Health apps could be doing more harm than good, warn scientists | The Guardian

Fitness trackers and mental health apps could be doing more harm than good because they are not based on sound science, researchers have warned, comparing some health app developers to “snake oil salesmen of the 1860s”.

Greg Hager, professor of computer science at Johns Hopkins University, said that in the absence of trials or scientific grounding it was impossible to say whether apps were having the intended effect.

“I am sure that these apps are causing problems,” he told the American Association for the Advancement of Science annual meeting in Boston. Hager cited the one-size-fits-all targets provided by some fitness trackers, such as the Fitbit, which sets users a goal of taking 10,000 steps a day.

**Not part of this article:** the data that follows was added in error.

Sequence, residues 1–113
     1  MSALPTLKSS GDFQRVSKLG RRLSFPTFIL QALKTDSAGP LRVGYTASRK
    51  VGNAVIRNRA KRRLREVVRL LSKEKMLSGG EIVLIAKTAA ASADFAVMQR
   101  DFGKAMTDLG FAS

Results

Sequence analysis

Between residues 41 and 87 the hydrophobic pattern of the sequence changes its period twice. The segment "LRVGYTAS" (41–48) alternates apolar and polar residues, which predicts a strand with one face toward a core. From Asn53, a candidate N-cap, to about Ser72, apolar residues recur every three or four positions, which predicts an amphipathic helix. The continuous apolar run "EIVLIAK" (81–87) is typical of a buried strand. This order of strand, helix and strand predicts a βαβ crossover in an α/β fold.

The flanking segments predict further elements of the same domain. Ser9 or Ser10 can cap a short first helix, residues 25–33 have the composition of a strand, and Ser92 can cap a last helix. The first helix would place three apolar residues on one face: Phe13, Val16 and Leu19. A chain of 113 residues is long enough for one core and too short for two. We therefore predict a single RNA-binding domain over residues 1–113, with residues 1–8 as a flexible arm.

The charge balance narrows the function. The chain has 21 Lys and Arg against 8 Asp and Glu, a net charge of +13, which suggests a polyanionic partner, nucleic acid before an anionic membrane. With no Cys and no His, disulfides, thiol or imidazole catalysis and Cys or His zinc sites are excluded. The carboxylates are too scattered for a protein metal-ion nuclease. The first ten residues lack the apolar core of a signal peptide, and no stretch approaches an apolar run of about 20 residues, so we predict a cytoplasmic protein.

Hager claimed the 10,000 steps target dated back to a 1960s Japanese study.

Read more: Health apps could be doing more harm than good, warn scientists | Science | The Guardian

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Mike Rawson

Mike Rawson has recently re-awoken a long-standing interest in robots and our automated future. He lives in London with a single android - a temperamental vacuum cleaner - but is looking forward to getting more cyborgs soon.

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Health apps could be doing more harm than good, warn scientists | The …

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